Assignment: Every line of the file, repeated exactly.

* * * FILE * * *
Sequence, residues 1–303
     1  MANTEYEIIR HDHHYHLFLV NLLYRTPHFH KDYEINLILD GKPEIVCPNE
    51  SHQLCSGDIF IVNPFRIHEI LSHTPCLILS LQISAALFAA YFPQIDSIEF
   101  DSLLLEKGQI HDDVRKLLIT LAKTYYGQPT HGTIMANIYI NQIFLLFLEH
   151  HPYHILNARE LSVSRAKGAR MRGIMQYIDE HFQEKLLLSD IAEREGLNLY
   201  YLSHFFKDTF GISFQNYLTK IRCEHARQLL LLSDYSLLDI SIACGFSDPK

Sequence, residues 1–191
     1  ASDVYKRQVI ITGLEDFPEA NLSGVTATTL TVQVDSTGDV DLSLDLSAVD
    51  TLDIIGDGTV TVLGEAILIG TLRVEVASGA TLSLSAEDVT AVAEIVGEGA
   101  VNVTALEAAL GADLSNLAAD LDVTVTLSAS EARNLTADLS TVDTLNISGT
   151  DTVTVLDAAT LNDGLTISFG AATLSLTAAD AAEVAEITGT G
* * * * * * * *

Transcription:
Sequence, residues 1–303
     1  MANTEYEIIR HDHHYHLFLV NLLYRTPHFH KDYEINLILD GKPEIVCPNE
    51  SHQLCSGDIF IVNPFRIHEI LSHTPCLILS LQISAALFAA YFPQIDSIEF
   101  DSLLLEKGQI HDDVRKLLIT LAKTYYGQPT HGTIMANIYI NQIFLLFLEH
   151  HPYHILNARE LSVSRAKGAR MRGIMQYIDE HFQEKLLLSD IAEREGLNLY
   201  YLSHFFKDTF GISFQNYLTK IRCEHARQLL LLSDYSLLDI SIACGFSDPK

Sequence, residues 1–191
     1  ASDVYKRQVI ITGLEDFPEA NLSGVTATTL TVQVDSTGDV DLSLDLSAVD
    51  TLDIIGDGTV TVLGEAILIG TLRVEVASGA TLSLSAEDVT AVAEIVGEGA
   101  VNVTALEAAL GADLSNLAAD LDVTVTLSAS EARNLTADLS TVDTLNISGT
   151  DTVTVLDAAT LNDGLTISFG AATLSLTAAD AAEVAEITGT G